Trend 1 : THE RISE OF AI In Healthcare

Healthcare trend : COVID-19 has significantly increased the utilization of telehealth resources. In April 2020, 43.5 percent of Medicare primary care visits were conducted via telehealth rather than in-person visits. One of the primary advantages of telehealth over in-person options is that it limits contact between patients, healthcare personnel, and other patients. Wearable gadgets provide healthcare staff with real-time data about patients while they are still at home.

More importantly, the expansion of telehealth is likely to continue even after the pandemic has passed. At the start of the pandemic, 71 percent of patients in the United States contemplated telemedicine, and 50 percent had already used virtual appointments. With telehealth already gaining popularity in the previous year, the pandemic provided a significant boost to the industry’s growth. This telehealth boom is expected to exceed $185.6 billion by 2026.

Integrating electronic health records (EHR) into your telemedicine app is critical. Patients and healthcare providers can now view patient medical records in the app. The software can use Interactive Voice Response (IVR) to convey communication to patients via digital voice. Integration with Google Fit and Apple HealthKit also provides important options for the app to access existing health information on a patient’s smartphone. Cloud-based server solutions are also required for all of the aforementioned procedures to perform properly.

When developing a telemedicine app, it is critical to determine what features it should include. Security, location services, appointment management, video/audio communication, secure messaging, healthcare provider reviews, visit history, and wireless testing via wearable integration are among the most critical aspects. These qualities, ranging from security to accessibility, are critical when assessing the requirements of a telemedicine software.

Trend #2: Artificial Intelligence Against COVID-19

In the fight against COVID-19, artificial intelligence plays a key role in areas such as pandemic detection, vaccine development, thermal screening, facial recognition with masks, and CT scan analysis.


Non-contact infrared thermometers and other types of thermal screening systems, according to the FDA, use a number of methods to assess the temperature of things such as persons. To identify persons with high temperatures, AI can quickly go through a large number of people at once. This can aid in the identification of symptomatic individuals.


Deep learning systems in facial recognition technology have advanced to the point where they can identify individuals wearing masks with up to 95% accuracy. Despite the fact that many people are wearing masks, facial recognition is unconcerned about whether or not they are using masks.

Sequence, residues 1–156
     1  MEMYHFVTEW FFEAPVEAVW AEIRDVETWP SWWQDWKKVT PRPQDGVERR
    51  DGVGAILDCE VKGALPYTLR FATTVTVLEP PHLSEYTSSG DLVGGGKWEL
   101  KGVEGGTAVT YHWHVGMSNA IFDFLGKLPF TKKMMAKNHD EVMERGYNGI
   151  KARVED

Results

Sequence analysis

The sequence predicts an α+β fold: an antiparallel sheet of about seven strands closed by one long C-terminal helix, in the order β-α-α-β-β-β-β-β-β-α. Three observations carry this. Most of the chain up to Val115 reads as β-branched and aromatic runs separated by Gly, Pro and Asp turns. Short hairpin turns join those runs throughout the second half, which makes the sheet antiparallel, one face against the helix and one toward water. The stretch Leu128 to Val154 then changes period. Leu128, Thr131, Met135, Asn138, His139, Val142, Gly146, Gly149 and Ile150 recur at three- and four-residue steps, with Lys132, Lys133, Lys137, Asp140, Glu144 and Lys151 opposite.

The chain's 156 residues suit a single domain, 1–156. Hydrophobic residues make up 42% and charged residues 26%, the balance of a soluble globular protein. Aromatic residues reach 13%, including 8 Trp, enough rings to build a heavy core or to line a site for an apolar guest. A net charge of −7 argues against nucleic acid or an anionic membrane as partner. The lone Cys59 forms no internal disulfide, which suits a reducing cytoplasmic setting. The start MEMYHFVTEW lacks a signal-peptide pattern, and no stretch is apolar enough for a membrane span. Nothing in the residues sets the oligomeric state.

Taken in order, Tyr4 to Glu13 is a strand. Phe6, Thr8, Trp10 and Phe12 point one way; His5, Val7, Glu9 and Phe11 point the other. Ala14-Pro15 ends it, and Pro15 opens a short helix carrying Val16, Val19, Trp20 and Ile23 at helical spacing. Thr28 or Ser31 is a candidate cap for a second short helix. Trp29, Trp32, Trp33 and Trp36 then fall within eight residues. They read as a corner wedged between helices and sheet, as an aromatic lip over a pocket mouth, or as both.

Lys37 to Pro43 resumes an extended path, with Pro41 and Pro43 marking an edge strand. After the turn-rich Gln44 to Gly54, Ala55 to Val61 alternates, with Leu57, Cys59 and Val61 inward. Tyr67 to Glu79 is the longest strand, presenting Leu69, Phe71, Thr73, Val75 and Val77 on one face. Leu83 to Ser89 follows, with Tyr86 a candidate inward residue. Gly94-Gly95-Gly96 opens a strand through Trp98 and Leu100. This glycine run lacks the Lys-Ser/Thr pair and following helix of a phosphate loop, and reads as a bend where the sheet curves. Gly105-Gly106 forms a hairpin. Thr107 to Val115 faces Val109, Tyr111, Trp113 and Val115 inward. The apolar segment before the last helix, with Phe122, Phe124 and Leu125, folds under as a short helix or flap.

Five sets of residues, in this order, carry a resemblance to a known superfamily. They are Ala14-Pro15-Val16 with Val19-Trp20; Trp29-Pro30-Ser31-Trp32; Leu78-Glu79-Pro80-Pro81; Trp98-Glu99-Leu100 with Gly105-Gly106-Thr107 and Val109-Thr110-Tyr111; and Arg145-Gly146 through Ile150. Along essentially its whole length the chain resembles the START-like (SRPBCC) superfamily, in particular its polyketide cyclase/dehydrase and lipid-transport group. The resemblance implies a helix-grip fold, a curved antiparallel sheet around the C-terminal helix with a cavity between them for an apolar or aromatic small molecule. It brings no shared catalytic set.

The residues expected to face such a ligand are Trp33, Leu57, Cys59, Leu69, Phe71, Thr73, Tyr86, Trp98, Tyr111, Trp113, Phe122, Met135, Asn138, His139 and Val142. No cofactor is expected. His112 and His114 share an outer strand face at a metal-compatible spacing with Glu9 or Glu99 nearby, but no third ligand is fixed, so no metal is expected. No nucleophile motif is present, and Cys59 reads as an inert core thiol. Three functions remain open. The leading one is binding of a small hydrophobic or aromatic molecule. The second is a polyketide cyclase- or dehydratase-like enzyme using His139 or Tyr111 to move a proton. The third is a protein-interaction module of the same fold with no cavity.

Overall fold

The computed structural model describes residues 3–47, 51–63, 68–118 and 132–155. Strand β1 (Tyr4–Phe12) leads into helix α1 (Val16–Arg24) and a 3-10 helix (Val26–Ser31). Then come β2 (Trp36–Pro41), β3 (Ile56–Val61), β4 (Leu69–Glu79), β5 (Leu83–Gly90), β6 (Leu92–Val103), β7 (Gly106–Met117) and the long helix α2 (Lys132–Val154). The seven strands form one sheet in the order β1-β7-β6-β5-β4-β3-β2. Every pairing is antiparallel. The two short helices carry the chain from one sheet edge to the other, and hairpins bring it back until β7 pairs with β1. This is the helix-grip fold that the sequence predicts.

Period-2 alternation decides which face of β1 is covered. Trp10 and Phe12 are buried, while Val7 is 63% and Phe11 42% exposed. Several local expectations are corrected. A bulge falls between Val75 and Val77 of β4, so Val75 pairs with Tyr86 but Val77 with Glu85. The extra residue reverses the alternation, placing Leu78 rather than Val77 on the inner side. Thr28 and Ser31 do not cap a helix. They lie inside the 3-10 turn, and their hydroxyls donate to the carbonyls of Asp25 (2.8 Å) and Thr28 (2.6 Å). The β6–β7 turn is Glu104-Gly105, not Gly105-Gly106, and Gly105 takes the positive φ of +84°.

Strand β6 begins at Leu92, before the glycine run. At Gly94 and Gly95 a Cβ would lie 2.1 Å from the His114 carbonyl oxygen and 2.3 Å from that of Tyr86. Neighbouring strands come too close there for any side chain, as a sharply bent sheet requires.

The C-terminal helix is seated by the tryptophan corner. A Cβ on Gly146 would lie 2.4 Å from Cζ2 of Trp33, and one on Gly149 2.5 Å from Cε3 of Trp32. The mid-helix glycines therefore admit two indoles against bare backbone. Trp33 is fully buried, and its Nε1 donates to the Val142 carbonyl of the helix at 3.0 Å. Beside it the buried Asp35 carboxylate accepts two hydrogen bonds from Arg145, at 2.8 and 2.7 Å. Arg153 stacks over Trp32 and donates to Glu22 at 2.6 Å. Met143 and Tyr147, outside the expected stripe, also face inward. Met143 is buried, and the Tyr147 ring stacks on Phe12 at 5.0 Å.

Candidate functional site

Trend 3: The Internet of Medical Things (IoMT) In Healthcare

For many patients and doctors, various devices and smartphone apps have come to play an important role in tracking and avoiding chronic illnesses. A new Internet of Medical Things (IoMT) has arisen by integrating IoT development with telemedicine and telehealth technology. This method makes use of a variety of wearables, including ECG and EKG monitors. Many other typical medical measurements, such as skin temperature, glucose level, and blood pressure readings, can also be taken.

Trend #4: Privacy Issues

Privacy is a critical concern in health technology, particularly with reference to HIPAA compliance in 2020. Although cloud computing can make data storage and retrieval more effective, laws to secure Protected Health Information (ePHI) are stringent, and compliance can be difficult.

Trend 5: AR/VR/MR in Healthcare

Virtual and augmented reality are both essential technologies that have the potential to improve telehealth quality during the COVID-19 pandemic. This technology is transforming science fiction into reality, from improving patient and provider interactions to assisting medical students in process simulations.

AR and VR technology have great potential for assisting stroke victims in overcoming motor deficits. To assist these patients regain motor control, they must be placed in a stable setting. Simulated environments, on the other hand, afford more versatility than physical treatment. These controlled simulations can be used to collect data that will assist therapists in customising care programmes for their patients.

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